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Still, more than a decade into the digital revolution, not everyone wants to listen to music exclusively via Spotify streams, downloaded MP3s and viral videos. While big-box music retail chains like Tower Records reside in the 20th century's dustbin, mom-and-pop record stores are thriving again in many U.S. cities — thanks, ironically enough, to the booming resurgence of vinyl.
"Independent record stores have always been a niche business. [We've] never made [our] money selling hits," says Doyle Davis, co-proprietor of Nashville's own Grimey's New & Preloved Music.
Now an integral part of Nashville's cultural fabric, Davis and co-owner Mike Grimes opened the store in December of 1999, right at the dawn of the Napster era. "From the get-go we've always been competing against digital music," says Davis.
Grimey's didn't have to learn to adapt to the digital revolution. Instead, the fledgling store was forced to build its brick-and-mortar business model around it. It may have seemed an uphill battle at the time, but while the greater music industry continued to sink like a stone, Grimey's mostly stayed buoyant. Business did better and better each year, to the point where the store was even able to provide health insurance to full-time employees, many of whom are also full-time musicians. Then sales hit a plateau.
"I feel like we'd really reached a point a couple years ago where we'd figured our market out pretty well," Davis says. "We were this niche thing; we sell the 'indie' music, the music that's not available at the big-box retailers."
But as the lumbering competitors started to close down, their customers were disenfranchised. They had one place left to turn — and suddenly Grimey's was infused with new blood.
"Now we run out of Incubus the day it comes out," Davis says.
Last April, on Record Store Day — the retail industry's ingenious annual Hallmark holiday for limited exclusive releases, mostly vinyl — Grimey's celebrated the biggest single sales day in its 12-year history, beating its previous record by a staggering 72 percent. And the previous record was set on Record Store Day the year before.
"It's totally reinvigorated record stores," Davis says. "It's become bigger than Christmas for a lot of us."
That boom is mostly thanks to a growing trade in vinyl, whose sound and aesthetic qualities can't be replicated digitally. According to Nielsen SoundScan data, there were 2.8 million pieces of new vinyl sold in 2010, currently making it the recording industry's fastest-growing musical format.
And since it's now an almost standard formality for every new piece of vinyl to include a digital download card, the CD is almost obsolete. Almost. As Davis tells the Scene, used CD sales are also strong, since a $6 used CD is cheaper than a $10 album download on iTunes. "People can really do the math," he says.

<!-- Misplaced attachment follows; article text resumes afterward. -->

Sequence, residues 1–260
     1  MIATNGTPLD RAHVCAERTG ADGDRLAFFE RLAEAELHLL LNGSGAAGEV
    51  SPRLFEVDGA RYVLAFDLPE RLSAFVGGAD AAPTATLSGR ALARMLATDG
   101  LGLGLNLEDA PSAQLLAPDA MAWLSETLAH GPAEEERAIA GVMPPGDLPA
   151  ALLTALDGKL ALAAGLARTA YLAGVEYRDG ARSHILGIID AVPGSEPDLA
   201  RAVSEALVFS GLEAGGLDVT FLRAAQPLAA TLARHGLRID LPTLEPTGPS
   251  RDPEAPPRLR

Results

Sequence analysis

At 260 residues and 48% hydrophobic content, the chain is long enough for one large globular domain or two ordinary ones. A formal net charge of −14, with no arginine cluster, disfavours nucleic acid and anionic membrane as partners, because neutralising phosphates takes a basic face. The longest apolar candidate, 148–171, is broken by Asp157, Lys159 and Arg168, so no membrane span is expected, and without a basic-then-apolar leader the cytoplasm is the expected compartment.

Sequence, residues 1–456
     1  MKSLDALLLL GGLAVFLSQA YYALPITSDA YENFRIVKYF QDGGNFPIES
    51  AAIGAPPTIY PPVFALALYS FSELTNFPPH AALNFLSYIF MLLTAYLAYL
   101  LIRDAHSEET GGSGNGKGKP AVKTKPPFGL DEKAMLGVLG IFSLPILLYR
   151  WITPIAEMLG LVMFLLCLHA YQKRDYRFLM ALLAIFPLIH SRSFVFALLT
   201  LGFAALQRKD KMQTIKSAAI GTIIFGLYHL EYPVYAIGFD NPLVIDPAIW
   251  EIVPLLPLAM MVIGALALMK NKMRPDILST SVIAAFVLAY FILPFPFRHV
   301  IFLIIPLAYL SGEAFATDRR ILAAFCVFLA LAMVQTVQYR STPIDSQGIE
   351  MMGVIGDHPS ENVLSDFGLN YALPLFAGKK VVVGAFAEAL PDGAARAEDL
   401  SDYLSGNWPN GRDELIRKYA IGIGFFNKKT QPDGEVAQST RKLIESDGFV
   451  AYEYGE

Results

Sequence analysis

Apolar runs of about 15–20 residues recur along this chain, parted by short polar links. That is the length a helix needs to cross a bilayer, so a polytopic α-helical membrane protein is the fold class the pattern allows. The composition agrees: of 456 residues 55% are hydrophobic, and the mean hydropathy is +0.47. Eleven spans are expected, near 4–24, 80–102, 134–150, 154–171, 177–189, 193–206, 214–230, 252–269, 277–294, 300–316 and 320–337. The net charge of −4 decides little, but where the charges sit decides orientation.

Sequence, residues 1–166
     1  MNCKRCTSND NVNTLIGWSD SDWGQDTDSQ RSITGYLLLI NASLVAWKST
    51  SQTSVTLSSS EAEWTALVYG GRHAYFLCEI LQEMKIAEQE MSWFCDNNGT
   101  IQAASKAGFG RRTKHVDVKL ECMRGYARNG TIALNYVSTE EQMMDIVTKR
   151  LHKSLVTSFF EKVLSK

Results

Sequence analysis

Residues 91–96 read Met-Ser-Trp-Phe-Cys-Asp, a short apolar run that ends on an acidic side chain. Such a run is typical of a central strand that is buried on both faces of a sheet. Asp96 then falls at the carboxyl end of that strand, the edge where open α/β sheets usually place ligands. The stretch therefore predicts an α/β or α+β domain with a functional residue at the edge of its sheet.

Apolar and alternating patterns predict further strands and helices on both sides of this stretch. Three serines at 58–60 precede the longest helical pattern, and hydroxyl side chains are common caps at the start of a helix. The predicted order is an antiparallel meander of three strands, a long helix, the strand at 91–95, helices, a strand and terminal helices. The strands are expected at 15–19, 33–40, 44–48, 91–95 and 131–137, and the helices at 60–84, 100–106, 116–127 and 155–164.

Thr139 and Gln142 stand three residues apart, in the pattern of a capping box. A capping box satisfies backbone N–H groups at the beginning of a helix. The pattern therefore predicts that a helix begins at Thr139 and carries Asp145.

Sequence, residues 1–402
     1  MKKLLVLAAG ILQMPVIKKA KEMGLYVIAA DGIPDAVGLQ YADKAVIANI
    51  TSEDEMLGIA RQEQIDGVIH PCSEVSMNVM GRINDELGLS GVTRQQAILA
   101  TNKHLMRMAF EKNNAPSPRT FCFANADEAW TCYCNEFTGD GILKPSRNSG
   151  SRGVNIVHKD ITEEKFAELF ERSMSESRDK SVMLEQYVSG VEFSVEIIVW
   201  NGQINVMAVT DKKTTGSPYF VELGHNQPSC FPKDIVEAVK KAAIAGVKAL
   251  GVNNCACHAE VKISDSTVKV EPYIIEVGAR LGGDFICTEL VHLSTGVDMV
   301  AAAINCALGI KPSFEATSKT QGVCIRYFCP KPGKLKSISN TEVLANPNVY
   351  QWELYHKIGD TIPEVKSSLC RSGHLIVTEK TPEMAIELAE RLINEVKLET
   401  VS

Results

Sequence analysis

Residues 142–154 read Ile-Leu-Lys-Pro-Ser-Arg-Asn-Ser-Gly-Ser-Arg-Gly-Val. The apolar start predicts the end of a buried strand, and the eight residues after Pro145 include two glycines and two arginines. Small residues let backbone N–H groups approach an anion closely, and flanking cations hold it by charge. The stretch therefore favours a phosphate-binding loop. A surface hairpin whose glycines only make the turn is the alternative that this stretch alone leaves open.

So rapid is vinyl's expanding popularity, Davis says, that when putting in stock orders, "It's getting harder and harder to figure out what the right number is for vinyl, because it continues to pick up in sales." For many artists, he says, it has overtaken CD sales. The CD to vinyl ratio used to be 2 to 1. Now, for titles like the latest Decemberists album, that ratio has flipped, with the vinyl not only outpacing the CD in sales, but selling out completely within a week of release.
And in niche indie-genres such as garage-revival, like the releases on Memphis' Goner Records, that ratio is 10 to one. Davis says even big releases by CD-era artists like Wilco and My Morning Jacket are starting to even up. Many of those units sell to people who buy record players at the store and quickly become regular customers.
"To some degree, we're the last man standing," Davis says of Grimey's and independent stores of their ilk. And with social media platforms like Twitter — where the store has 10,000-plus followers — the digital revolution helps keep the store full on release days and for in-store events like concerts.
"One of the things the resurgence of vinyl has done for me, psychologically, is it makes me realize we can sustain," Davis says. "It's not a faddish, trendy thing. No matter what new gizmo they come out with, or new way of distributing music digitally, or streaming, or cloud this, or download that, I feel like I can run a store in Nashville, Tennessee, selling people music, with a robust, viable format.
"So, to me, the future looks fairly good."
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